There's a bunch of cool stuff happening at this year's Supercomputing conference in Salt Lake City, Utah. For starters, we'll get to see the updated list of the world's fastest supercomputers (and we'll get to see where Titan ranks on that list). Intel will also be making a few very big announcements at the show, among them will be the official unveil of Intel's SSD DC S3700. We've already looked at the architecture of the drive and reviewed it here, but Intel invited us to participate in a live webcast from the SC12 showfloor.

The topic of the webcast will be Intel's SSD DC S3700. You'll have the opportunity to have your questions about the drive and/or the SSD space in general answered by myself and Roger Peene of Intel's Data Center SSD Solutions, live from the show. Given the venue (SC12 is a supercomputing show after all), try and stick to a mostly enterprise focus (client or server) but I'll be game for answering architectural questions or bigger picture items as well.

If you want to have your question answered on the webcast, respond to this post with your question in the comments area. I can't guarantee that we'll get to all of them but we'll try. The webcast will be live at 9AM Pacific/12PM Eastern on November 13. You can view it live here.



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  • mayankleoboy1 - Friday, November 9, 2012 - link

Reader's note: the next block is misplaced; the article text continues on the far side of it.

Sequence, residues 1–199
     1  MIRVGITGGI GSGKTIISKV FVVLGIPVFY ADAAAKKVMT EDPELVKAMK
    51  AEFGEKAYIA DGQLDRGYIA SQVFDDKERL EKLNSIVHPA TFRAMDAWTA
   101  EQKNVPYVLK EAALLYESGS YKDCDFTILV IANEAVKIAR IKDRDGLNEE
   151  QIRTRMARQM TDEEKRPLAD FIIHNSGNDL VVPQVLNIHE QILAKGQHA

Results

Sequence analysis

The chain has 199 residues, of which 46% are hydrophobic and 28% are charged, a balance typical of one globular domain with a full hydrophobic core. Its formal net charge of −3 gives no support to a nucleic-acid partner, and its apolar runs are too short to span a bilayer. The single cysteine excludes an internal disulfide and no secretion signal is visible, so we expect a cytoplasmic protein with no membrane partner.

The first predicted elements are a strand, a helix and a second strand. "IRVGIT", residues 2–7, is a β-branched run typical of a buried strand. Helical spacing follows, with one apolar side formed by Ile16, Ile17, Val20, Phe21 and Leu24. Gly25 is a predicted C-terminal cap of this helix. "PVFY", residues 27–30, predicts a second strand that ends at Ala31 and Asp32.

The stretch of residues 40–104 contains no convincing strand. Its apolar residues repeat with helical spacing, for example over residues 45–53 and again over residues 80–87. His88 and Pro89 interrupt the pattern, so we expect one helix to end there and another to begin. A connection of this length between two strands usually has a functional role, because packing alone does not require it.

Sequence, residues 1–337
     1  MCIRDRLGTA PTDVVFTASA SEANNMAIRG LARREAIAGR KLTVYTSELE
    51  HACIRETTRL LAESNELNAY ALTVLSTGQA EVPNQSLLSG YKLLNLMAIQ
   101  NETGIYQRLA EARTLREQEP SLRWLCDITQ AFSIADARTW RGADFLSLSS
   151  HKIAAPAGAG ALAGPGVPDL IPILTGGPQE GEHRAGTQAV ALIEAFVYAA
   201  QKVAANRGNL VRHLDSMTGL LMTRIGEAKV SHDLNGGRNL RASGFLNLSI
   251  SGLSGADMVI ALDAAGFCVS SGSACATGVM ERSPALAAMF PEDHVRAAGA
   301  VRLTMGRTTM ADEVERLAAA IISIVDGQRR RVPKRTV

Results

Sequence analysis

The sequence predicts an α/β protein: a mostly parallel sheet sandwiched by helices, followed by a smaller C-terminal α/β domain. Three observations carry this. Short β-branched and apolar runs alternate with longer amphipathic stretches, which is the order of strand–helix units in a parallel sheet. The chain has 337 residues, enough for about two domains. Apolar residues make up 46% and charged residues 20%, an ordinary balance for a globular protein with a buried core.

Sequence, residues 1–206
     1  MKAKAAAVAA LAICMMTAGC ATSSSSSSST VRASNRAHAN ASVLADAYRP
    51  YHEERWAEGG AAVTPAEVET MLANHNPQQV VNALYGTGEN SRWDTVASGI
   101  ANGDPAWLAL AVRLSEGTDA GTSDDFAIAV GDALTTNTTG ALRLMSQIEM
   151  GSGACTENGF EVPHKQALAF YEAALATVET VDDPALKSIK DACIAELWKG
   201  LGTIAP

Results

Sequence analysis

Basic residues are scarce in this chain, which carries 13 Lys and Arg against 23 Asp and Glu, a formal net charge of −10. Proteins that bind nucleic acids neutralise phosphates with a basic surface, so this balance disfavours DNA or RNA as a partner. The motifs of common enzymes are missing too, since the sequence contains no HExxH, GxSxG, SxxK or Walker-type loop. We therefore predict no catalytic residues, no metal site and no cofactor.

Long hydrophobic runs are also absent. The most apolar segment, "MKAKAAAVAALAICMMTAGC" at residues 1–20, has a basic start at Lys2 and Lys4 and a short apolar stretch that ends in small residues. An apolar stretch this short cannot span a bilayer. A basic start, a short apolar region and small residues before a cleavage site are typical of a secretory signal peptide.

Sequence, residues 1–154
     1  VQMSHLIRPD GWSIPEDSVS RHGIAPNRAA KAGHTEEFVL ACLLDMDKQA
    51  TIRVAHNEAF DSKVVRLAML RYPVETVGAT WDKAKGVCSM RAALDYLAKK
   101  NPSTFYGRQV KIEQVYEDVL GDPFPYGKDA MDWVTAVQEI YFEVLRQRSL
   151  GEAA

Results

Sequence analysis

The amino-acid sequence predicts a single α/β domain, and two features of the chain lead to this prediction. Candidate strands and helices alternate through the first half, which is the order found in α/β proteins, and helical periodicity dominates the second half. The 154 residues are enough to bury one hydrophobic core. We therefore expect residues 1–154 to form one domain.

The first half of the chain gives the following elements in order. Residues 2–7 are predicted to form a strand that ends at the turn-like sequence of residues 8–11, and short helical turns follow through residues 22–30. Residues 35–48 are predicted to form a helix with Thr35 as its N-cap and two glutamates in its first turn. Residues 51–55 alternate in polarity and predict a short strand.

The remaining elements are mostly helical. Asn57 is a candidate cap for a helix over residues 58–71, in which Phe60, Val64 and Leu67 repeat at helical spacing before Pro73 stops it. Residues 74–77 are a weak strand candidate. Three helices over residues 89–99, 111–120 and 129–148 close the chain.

Is there any possible way to increase SSD speeds for low QD usage, typical in consumer SSD'd ? or are SSD's going the way of x86 : best speed ups for paralle loads only? Reply
  • Jaaap - Friday, November 9, 2012 - link

    According to Anand,
    Big multi-user (or virtualized) enterprise workloads almost always look fully random at a distance, ...

    It it possible to enhance VT-d to mitigate this "problem"?
  • extide - Friday, November 9, 2012 - link

    Not really, there is nothing you can do. When you combine the disk IO from several machines all together, it is going to inherently be pretty random, as in reads and writes all over the place. That's just the nature of the beast. Reply
  • mayankleoboy1 - Friday, November 9, 2012 - link

    Apart from the SATA3 interface, what is the biggest roadblock to increasing SSD speeds ? Reply
  • Kevin G - Sunday, November 11, 2012 - link

    Looking at some native PCI-E SSD's (Micron P320h in particular) you can see SSD's scale really high under certain work loads. The interface is always going to be a bottleneck with any decent controller and enough channels.

    The next logical place to put an SSD controller would be into a SoC which is common place in the embedded area already. I suspect that x86 SoC's for laptops and possibly some desktops will start to incorporate an SSD controller on-die to reduce the number of components on a board as well as low power consumption.\ by a hair.